Ron Paul's campaign, concerned about recent state conventions sent into an uproar by its supporters, has made it clear that they'll expect their delegates to behave at the Republican National Convention. Insiders tell BuzzFeed the delegates will be prepared for Tampa with phone calls and training programs. …
Paul will have more than 100 bound delegates to the convention in Tampa and hundreds more Paul supporters have won slots as pledged Romney delegates at the convention, forcing them to support Romney — but freeing them to cheer for the libertarian and his cause. …Republicans fear they could turn what is usually a carefully-staged infomercial into a chaotic zoo.
Paul's campaign, which hopes to give him a platform and to install his son, Rand, as a major figure in the party, aims to restrain his rowdiest supporers. Training the delegates hasn't started yet, though the campaign expects to begin communicating with them later this spring. …
Paul supporters came to blows with Romney supporters at the Oklahoma state convention recently, and Paul supporters at the Arizona convention booed Mitt Romney's son Josh off the stage in another incident.
The campaign knows that its delegates can't behave this way at the national convention if it wants its issues considered for the party platform. "One of the best ways to be respected is to be respectful," the strategist said.
I'm glad Ron Paul's team is preparing to ensure they have a serious voice at the convention -- I for one think that Rep. Paul's ideas add an extremely valuable element to the national dialogue, and I'd hate for them to be discounted because of some of his supporters' kookier tendencies.
Does this man just live in la-la-land or what?
Senate Majority Leader Harry Reid (D-Nev.) on Tuesday blasted House Speaker John Boehner (R-Ohio) for threatening not to raise the debt ceiling next year unless greater spending cuts are enacted.
“The brinksmanship we are seeing from Republicans today reminds us of days prior,” he told reporters. “Instead of meeting us in the middle on the problems facing the country, Republicans are already digging these trenches that they are in and saying they are not going to move.”
Reid said that Boehner risks turning the GOP into a rump party of extremists by making such statements.
“It’s pretty clear to me that the Tea Party direction of the Republican Party is driving them over a cliff. And I would suggest that Speaker Boehner look at the long term, which is what will the Republican Party look like in the future,” he said.
Please, allow me the honor of breaking this one down for you, Sen. Reid, real simple-like: We are more than fifteen trillion dollars in debt and still spending far and away beyond our means. Spending cuts, big ones, are in order, and your credibility on money matters is all but spent -- besides your compelling fiscal arguments for "cowboy poetry festivals" and the USPS because "seniors love to get junk mail" and whatnot, this is day 1,112 that the Senate has failed to pass a budget, I believe? Don't you worry about the Republican party going off a cliff in the long-term, sir: no Americans of any party are going to thank you when the country goes off of a financial cliff.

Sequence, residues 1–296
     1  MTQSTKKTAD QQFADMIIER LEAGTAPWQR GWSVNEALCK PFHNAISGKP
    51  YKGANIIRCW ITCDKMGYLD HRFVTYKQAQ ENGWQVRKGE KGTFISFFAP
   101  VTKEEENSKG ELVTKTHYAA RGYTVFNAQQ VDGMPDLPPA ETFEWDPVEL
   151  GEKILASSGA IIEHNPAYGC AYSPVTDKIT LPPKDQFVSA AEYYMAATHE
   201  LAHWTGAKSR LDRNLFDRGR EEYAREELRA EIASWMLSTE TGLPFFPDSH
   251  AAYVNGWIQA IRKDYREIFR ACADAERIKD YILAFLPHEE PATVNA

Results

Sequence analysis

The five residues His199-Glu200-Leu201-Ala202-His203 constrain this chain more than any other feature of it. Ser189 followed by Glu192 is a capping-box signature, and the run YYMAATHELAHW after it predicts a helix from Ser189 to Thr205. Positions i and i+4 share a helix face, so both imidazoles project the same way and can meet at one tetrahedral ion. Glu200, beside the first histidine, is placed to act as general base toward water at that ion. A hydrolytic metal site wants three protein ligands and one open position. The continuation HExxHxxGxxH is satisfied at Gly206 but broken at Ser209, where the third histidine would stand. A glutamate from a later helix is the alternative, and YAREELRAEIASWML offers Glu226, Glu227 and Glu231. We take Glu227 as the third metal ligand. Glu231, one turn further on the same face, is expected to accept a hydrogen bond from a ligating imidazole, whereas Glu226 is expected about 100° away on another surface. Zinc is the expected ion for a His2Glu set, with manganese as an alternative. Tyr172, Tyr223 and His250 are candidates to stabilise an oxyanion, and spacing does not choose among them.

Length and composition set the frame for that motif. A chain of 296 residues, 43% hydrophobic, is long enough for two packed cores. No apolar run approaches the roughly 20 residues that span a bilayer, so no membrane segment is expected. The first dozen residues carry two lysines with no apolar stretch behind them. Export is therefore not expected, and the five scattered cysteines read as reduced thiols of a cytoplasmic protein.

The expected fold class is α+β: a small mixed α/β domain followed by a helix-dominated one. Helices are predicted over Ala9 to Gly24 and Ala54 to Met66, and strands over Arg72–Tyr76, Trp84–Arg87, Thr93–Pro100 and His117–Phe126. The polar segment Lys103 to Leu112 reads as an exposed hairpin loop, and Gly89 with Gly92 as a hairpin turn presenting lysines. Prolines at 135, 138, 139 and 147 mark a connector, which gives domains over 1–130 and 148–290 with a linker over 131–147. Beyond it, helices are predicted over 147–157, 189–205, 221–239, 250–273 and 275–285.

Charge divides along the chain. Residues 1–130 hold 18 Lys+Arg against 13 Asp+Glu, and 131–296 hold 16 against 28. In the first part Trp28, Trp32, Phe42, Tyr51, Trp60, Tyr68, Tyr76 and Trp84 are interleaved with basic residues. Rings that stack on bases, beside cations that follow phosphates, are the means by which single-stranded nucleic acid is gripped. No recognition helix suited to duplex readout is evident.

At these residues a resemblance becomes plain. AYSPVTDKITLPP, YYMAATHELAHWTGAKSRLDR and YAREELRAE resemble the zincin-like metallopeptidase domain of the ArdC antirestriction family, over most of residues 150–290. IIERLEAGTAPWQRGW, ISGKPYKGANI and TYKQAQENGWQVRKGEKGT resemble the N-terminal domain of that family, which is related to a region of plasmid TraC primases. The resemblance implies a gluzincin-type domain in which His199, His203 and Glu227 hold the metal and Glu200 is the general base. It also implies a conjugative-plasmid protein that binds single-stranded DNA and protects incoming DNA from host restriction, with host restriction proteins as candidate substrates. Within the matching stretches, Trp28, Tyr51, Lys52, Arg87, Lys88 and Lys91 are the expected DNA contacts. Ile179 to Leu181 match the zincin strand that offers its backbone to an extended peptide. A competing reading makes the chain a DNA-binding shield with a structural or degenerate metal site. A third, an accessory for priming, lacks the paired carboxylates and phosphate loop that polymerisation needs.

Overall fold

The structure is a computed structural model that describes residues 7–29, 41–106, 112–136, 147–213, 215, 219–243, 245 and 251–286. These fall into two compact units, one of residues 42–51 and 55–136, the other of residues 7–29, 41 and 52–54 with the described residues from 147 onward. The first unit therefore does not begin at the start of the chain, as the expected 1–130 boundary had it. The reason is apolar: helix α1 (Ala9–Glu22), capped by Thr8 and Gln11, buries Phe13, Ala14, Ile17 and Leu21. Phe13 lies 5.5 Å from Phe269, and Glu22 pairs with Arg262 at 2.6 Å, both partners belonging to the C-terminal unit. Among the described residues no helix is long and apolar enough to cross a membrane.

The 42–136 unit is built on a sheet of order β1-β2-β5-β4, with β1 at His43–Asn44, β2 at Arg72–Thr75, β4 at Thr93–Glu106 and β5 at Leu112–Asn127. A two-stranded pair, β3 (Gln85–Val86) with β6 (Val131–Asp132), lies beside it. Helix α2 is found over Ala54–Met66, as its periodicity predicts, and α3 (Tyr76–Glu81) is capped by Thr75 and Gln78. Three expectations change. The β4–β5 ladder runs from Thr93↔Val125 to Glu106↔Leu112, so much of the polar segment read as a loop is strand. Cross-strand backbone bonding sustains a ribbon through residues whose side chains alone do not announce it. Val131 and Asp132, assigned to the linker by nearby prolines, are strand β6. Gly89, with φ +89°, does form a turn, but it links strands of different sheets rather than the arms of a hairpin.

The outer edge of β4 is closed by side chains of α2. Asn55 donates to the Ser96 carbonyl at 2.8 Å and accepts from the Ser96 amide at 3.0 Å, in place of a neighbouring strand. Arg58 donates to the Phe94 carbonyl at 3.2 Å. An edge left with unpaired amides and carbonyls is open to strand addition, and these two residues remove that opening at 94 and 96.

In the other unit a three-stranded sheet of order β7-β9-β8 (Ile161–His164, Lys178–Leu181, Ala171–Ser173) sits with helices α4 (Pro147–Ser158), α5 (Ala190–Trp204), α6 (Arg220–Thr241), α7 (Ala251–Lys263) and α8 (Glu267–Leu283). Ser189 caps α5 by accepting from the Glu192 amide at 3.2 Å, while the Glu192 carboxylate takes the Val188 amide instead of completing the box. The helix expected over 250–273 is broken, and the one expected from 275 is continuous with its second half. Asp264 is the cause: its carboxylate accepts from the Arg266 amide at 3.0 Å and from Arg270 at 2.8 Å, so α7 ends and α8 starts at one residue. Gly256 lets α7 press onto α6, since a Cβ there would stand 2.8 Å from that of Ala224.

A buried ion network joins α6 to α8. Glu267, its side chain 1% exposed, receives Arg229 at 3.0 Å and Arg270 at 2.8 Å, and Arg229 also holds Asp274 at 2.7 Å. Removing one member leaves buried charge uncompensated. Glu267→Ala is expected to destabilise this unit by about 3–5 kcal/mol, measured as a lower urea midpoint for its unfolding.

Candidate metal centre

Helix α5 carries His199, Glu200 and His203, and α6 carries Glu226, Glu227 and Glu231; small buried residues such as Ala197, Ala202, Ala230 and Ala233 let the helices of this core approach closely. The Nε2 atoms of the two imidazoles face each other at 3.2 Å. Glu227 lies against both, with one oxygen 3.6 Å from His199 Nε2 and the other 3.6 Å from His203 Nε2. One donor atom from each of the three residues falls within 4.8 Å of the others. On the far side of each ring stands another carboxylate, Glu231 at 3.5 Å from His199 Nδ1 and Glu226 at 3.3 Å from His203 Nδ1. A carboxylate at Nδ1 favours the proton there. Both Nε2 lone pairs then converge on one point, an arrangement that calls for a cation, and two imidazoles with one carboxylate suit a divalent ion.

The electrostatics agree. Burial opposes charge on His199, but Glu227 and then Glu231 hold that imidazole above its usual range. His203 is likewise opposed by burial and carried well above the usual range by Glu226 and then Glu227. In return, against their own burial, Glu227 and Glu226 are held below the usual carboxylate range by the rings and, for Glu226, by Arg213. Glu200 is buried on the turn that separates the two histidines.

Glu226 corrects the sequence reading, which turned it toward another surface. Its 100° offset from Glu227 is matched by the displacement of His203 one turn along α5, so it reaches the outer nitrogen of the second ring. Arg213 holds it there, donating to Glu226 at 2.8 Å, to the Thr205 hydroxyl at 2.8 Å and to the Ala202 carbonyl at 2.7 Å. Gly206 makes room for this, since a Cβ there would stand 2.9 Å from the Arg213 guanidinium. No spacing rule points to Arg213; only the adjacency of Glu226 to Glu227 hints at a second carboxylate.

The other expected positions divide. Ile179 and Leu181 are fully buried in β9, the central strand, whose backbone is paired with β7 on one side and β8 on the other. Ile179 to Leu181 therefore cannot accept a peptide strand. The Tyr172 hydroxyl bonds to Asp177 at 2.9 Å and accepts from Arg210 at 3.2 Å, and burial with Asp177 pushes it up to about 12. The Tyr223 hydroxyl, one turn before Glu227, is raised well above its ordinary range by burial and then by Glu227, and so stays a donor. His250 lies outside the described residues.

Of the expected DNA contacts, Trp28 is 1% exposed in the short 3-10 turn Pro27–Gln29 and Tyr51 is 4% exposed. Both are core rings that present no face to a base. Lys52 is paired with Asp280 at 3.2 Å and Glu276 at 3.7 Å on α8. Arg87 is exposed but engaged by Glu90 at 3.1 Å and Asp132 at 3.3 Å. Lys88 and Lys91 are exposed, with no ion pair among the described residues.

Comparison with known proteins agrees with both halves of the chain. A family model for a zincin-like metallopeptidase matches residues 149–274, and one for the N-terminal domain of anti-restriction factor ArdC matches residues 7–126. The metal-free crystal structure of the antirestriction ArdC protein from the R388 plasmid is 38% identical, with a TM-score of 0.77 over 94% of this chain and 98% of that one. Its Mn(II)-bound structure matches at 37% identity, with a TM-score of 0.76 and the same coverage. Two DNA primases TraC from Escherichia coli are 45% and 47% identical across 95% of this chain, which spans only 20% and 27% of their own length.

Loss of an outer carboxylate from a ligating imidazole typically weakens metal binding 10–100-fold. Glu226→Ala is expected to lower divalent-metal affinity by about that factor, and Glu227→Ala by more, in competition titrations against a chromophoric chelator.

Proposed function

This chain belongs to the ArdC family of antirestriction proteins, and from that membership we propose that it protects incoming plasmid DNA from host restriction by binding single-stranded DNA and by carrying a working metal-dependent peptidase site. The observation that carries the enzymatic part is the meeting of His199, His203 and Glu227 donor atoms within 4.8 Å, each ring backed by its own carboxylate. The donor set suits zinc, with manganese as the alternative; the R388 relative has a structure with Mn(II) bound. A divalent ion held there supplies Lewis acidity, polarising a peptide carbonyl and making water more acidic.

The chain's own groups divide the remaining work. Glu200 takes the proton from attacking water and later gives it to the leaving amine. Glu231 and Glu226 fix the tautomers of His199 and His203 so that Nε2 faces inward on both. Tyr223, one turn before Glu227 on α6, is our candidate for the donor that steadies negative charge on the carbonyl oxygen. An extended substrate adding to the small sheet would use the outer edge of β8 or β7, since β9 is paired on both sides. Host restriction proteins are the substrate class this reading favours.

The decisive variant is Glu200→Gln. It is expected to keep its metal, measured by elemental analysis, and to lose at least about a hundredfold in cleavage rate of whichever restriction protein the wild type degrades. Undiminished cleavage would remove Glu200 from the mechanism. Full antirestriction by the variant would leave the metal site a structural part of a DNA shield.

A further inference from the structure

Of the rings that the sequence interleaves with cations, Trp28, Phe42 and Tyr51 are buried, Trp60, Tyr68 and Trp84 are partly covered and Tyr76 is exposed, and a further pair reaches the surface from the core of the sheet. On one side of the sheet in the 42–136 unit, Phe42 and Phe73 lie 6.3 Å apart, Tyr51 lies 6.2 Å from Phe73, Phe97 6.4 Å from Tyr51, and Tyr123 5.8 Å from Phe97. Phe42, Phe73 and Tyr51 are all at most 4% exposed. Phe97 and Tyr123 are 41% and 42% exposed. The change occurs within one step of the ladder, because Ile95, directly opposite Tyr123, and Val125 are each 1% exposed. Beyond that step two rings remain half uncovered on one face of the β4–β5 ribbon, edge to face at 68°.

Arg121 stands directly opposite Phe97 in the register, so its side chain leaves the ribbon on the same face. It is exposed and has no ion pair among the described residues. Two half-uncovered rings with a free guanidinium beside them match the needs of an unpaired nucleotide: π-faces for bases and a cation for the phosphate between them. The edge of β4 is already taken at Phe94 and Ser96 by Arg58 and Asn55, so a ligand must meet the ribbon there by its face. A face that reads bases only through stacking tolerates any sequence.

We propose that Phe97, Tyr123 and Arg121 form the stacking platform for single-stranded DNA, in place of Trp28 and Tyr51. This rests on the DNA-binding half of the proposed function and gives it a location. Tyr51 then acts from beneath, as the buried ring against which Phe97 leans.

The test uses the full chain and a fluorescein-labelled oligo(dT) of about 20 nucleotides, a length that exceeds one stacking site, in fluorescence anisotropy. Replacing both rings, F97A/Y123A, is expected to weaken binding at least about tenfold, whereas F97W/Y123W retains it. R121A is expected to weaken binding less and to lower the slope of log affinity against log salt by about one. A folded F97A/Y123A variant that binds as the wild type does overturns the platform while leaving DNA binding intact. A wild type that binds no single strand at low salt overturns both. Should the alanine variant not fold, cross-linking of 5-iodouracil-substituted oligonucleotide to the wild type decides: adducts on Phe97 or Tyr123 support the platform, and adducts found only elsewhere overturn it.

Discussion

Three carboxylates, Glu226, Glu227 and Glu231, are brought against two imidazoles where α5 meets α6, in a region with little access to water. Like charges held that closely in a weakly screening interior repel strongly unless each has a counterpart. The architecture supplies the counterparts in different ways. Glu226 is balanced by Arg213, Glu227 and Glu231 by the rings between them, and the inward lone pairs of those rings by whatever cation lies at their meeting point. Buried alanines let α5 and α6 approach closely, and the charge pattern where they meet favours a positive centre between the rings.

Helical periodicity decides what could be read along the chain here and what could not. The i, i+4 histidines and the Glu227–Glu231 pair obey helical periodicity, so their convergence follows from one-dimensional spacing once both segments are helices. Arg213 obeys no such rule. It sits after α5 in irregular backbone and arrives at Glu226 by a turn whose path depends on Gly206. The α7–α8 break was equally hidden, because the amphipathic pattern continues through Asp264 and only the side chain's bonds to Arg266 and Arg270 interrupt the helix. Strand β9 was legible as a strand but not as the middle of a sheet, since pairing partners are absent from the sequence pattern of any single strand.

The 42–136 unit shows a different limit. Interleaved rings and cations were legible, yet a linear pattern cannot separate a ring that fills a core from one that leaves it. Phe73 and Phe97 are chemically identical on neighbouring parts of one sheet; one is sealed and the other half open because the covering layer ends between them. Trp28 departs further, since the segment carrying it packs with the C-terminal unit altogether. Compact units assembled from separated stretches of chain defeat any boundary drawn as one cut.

We all know that we're in for what is sure to be another nasty upcoming debt-ceiling fight, but Sen. Reid doesn't appear to attach much meaning to those goings-on, as if it really is just some political circus and fiscal apocalypse actually isn't creeping ever-closer. It looks like Speaker Boehner decided to just get the gauntlet thrown down early, to which Sen. Reid, despite his lofty lecturing sentiments, responded in kind:
Although Reid criticized Boehner for making ultimatums, he also reiterated the hard Democratic position that tax increases must be part of any deficit bargain and that social programs must be protected.
So, wait... you're accusing Speaker Boehner of being too partisan and confrontational, playing with brinkmanship, and being unwilling to compromise, but then you're turning around and... oh, nevermind.
Elizabeth Warren, currently fighting a hot contest for the Massachusetts' junior U.S. Senate seat against incumbent Republican Scott Brown, has done a bunch of financial and bailout-related advising for the Obama administration and styles herself a "consumer advocate." ...Hah. I'm sure everyone in the Obama administration, most especially those on the new-ish Consumer Financial Protection Bureaua borne of the Dodd-Frank Act, fancy themselves 'consumer advocates' -- which offers at least a partial explanation for why all American consumers are still stuck in these economic doldrums.
"There has been a guerrilla war out there in which the largest financial institutions have been doing everything they can to make sure that financial regulations don't get put in place and if they do get put in place, that they are loaded with loopholes and not very effective," Warren said on CNN's "Starting Point." ...
"There is a lobbying army hired by these financial institutions because they really don't want to have any oversight," Warren said. "They want to take on risks, and let the rest of us deal with the consequences with anything goes wrong." ...
"We need to stop the cycle of bankers taking on risky activities, getting bailed out by the taxpayers, then using their army of lobbyists to water down regulations," Warren wrote in the statement. "We need a tough cop on the beat so that no one steals your purse on Main Street or your pension on Wall Street."